declaration <URL:http://www.python.org/dev/peps/pep-0263/> to let Python
    know the encoding of the program source file.

    # -*- coding: utf-8 -*-

    You can use the bottom of the file for editor hints.
    s='abcdef ??????????'.decode('utf-8')
    ss=unicode('ab ?????','utf-8')
    In Python 2.x, those string literals are created as byte strings, which
    is why you're having to decode them. Instead, tell Python explicitly
    that you want a string literal to be a Unicode text string:

    s = u'abcdef ??????????'
    ss = u'ab ?????'

    Learn more from the documentation <URL:http://docs.python.org/howto/unicode>.

    --
    \ ?He that would make his own liberty secure must guard even his |
    `\ enemy from oppression.? ?Thomas Paine |
    _o__) |
    Ben Finney
  • Carl Banks at Sep 20, 2010 at 2:32 am

    On Sep 19, 4:09?pm, Ben Finney wrote:
    Goran Novosel <goran.novo... at gmail.com> writes:
    # vim: set encoding=utf-8 :
    This will help Vim, but won't help Python. Use the PEP 263 encoding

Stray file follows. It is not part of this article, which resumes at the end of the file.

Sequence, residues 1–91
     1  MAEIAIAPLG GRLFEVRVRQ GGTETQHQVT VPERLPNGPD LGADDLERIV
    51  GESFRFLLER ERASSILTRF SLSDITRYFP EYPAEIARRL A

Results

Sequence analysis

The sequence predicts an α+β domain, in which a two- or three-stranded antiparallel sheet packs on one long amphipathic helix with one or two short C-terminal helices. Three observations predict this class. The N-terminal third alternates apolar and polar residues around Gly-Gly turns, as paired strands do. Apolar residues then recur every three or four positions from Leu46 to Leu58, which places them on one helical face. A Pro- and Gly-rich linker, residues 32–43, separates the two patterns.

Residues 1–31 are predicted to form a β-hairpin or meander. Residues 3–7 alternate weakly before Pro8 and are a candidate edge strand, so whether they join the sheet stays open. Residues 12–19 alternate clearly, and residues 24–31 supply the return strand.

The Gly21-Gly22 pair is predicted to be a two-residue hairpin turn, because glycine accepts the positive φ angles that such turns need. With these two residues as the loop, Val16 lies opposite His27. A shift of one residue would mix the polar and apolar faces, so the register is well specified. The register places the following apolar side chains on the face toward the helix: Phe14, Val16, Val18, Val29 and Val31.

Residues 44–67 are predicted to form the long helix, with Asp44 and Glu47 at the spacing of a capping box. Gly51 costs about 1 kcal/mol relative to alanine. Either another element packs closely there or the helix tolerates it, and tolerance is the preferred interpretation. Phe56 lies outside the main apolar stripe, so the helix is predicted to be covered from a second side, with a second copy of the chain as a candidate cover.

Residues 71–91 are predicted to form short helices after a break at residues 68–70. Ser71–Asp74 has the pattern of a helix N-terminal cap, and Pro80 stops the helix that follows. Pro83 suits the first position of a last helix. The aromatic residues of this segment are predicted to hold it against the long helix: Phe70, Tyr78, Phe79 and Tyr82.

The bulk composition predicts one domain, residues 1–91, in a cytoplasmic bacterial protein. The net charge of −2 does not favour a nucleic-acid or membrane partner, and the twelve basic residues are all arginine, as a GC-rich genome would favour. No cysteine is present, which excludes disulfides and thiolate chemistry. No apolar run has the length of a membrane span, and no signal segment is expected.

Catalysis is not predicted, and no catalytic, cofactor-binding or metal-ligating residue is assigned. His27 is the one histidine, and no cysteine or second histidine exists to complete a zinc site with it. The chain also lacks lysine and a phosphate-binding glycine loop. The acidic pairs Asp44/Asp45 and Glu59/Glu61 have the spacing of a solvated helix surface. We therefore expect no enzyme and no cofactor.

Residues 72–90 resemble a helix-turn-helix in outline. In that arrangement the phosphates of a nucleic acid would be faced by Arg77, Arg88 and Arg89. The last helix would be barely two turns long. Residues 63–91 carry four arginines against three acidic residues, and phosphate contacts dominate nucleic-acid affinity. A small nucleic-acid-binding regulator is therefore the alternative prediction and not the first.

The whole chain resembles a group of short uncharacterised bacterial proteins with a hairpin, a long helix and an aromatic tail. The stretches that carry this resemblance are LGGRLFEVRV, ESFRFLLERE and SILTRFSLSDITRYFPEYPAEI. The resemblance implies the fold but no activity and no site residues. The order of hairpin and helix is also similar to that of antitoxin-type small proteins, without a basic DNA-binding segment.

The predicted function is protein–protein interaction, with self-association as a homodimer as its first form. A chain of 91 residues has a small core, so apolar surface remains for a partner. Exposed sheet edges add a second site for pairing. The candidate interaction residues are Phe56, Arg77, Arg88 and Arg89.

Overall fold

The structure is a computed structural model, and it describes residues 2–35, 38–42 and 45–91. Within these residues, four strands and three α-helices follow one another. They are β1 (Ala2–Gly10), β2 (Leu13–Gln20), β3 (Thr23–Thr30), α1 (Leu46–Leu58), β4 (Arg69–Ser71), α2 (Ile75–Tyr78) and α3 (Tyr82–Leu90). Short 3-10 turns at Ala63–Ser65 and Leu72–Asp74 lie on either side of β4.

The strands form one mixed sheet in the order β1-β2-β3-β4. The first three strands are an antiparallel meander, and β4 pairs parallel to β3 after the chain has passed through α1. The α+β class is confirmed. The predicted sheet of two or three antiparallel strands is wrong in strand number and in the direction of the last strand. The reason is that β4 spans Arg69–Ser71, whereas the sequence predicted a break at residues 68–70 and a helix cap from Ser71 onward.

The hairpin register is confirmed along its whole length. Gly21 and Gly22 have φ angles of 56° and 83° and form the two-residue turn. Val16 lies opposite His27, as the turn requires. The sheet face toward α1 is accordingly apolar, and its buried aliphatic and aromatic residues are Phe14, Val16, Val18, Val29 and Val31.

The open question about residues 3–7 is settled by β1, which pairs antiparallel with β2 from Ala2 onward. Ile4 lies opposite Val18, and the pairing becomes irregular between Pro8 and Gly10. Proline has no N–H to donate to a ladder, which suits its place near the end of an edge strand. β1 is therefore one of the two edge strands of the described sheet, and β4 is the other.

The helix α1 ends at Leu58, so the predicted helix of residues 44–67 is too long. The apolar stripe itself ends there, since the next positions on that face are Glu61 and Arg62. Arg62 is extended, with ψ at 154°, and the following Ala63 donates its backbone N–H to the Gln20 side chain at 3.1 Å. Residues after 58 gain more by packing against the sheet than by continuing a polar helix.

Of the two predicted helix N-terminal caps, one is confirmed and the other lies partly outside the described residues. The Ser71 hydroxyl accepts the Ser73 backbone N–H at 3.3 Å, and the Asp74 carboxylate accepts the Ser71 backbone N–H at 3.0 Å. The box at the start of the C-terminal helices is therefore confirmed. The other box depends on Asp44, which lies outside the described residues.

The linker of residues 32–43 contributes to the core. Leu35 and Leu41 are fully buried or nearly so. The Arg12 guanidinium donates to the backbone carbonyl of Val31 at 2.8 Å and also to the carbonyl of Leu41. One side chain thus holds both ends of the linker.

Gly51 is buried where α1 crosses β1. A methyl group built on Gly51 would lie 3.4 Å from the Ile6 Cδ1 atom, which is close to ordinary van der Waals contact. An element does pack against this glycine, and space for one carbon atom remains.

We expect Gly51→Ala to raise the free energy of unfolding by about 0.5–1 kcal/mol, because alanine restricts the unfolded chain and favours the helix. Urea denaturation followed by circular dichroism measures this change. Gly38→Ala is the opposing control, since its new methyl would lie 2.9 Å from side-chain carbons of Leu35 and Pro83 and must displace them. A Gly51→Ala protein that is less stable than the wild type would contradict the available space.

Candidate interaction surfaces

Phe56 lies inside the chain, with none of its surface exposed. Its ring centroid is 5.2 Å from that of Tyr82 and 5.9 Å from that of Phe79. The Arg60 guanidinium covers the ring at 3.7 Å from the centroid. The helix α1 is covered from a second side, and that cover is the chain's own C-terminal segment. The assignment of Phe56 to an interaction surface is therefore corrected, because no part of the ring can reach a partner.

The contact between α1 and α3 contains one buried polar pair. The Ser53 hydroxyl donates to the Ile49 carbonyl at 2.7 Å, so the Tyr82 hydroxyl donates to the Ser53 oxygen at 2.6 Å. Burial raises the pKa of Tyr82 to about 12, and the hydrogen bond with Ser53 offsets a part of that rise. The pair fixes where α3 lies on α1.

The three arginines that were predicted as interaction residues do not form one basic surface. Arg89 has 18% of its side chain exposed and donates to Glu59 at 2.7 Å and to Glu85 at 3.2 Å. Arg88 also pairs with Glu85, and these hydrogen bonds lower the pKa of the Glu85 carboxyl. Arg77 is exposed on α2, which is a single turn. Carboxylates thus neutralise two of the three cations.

declaration <URL:http://www.python.org/dev/peps/pep-0263/> to let Python
    know the encoding of the program source file.
    That's funny because I went to PEP 263 and the line he used was listed
    there. Apparently, you're the one that needs to read PEP 263.


    Carl Banks
  • Steven D'Aprano at Sep 20, 2010 at 3:42 am

    On Mon, 20 Sep 2010 09:09:31 +1000, Ben Finney wrote:

    Goran Novosel <goran.novosel at gmail.com> writes:
    # vim: set encoding=utf-8 :
    This will help Vim, but won't help Python.
    It will actually -- the regex Python uses to detect encoding lines is
    documented, and Vim-style declarations are allowed as are Emacs style. In
    fact, something as minimal as:

    # coding=utf-8

    will do the job.
    Use the PEP 263 encoding
    declaration <URL:http://www.python.org/dev/peps/pep-0263/> to let Python
    know the encoding of the program source file.
    While PEPs are valuable, once accepted or rejected they become historical
    documents. They don't necessarily document the current behaviour of the
    language.

    See here for documentation on encoding declarations:

    http://docs.python.org/reference/lexical_analysis.html#encoding-declarations



    --
    Steven
  • Dotan Cohen at Sep 20, 2010 at 9:35 am

    On Mon, Sep 20, 2010 at 05:42, Steven D'Aprano wrote:
    Use the PEP 263 encoding
    declaration <URL:http://www.python.org/dev/peps/pep-0263/> to let Python
    know the encoding of the program source file.
    While PEPs are valuable, once accepted or rejected they become historical
    documents. They don't necessarily document the current behaviour of the
    language.

    See here for documentation on encoding declarations: